Oh, but it is. Lynn's backpack is filled with socks, rubber bands, and old lottery tickets that she finds on the street. (Lottery tickets, Lynn notes, cannot go in the same place as receipts, which she collects in the pocket of her outermost jacket, a turquoise windbreaker.) Lynn says she keeps "normal stuff" in her purse, but when we ask her to prove it, she declines to open up the bag for inspection. Her plastic sack is full of newspapers, magazines, fliers, and other random pieces of paper that she stumbles across in a given day. Every evening, Lynn goes home to a studio apartment on 26th Street and unloads her goods.

"If you think this looks bad," she says with a laugh, referring to the mass of possessions she carries with her, "you should see my house."

In fact, Lynn received a three-day notice -- for clutter -- from her landlord last May, which means the tenant must clean up her junk within 72 hours or face eviction. Lynn eventually met her landlord's standards. "But my sister says I'm a walking fire hazard," she says.

And that's why Lynn is taking a seat in a green-and-gold mirrored conference room, surrounded by more than 300 other San Francisco residents who have paid $55 to attend the Compulsive Hoarding and Cluttering Conference.

And it's no joke. As Belinda Lyons, the executive director of the city's Mental Health Association, explains, compulsive hoarding is common in San Francisco, where many people live in very small quarters (with a lack of storage) that can quickly become overrun with second-hand stuff. Collecting has many forms, but in the worst cases it is linked to obsessive-compulsive disorder, and afflicts those who suffer from depression and dementia. It is also a cause of homelessness, Lyons said, and piles of detritus account for many in-home accidents involving the elderly.

Indeed, the San Francisco Tenants Union reports that it gets weekly calls from residents who have been given a warning or an eviction notice because of their cluttering and hoarding behavior -- and about half of those callers eventually get evicted.

The conference was an attempt by city officials to give these habitual pack rats some resources in case their pastime becomes too overwhelming.

Lynn, however, doesn't see what all the fuss is about. "I'm not insane, I'm just a collector." A collector who keeps old magazines in her oven.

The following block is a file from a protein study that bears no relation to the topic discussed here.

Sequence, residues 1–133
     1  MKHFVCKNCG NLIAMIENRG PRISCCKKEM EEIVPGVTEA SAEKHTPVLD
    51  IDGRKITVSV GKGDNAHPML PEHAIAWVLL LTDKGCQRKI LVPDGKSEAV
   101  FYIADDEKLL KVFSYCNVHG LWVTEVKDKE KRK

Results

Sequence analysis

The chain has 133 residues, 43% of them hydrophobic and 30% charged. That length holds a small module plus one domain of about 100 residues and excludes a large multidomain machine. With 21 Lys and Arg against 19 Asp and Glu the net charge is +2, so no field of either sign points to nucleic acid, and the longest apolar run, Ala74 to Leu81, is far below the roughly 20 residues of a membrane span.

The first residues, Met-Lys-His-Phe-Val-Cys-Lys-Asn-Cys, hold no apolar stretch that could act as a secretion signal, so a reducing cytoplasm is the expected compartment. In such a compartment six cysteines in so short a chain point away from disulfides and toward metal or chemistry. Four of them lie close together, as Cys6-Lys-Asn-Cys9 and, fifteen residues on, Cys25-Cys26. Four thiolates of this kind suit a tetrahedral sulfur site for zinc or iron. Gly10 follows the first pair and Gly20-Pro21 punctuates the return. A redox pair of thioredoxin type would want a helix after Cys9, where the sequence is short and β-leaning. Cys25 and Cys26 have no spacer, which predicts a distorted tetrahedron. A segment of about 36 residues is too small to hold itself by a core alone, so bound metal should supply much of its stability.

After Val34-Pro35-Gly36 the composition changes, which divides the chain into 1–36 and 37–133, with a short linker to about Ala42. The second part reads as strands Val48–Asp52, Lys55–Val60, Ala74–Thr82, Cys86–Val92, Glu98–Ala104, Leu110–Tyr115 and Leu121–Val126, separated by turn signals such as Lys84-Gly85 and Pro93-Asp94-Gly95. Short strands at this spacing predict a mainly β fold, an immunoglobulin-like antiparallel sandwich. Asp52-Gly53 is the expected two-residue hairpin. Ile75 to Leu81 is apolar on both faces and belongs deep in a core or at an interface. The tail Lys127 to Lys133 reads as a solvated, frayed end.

"But I never use it," she says. (Cristi Hegranes)

The Truth About Cats and Dogs

As local animals-rights organizations -- including the San Francisco Society for the Prevention of Cruelty to Animals, the Marin Humane Society, and the nonprofit shelter Hopalong -- continue the arduous process of receiving and returning pets that were orphaned in the wake of the Gulf Coast hurricanes, Dog Bites wanted to collect a few numbers of our own. Following is an index of statistics, culled with the help of these groups and current as of Nov. 1, that show one small aspect of the devastation the hurricanes have wrought, and how the Bay Area has responded.

Number of dog and cats airlifted to the Bay Area from the Gulf region: nearly 600.

Number of Continental flights chartered to bring animals to SFO: 7.

Number of animals taken to Marin Humane Society: 156.

Number of animals taken to the San Francisco SPCA: 30.

Number of dogs and cats taken to the nonprofit shelter Hopalong: 31.

Number of fish rescued in New Orleans and brought to San Francisco: 4.

Number of dogs currently living in foster homes in the Bay Area: 61.

Number of dogs airlifted to the Bay Area with heartworm (a common and potentially fatal condition that afflicts dogs in low-lying and swampy areas, but rarely here): more than 300.

Number of dogs spayed or neutered upon arrival: 146.

Number of dogs likely to be euthanized in Gulf Coast shelters over the next month: As many as 2,000.

Reunions between dogs and their New Orleans owners to date: 39. (Cristi Hegranes)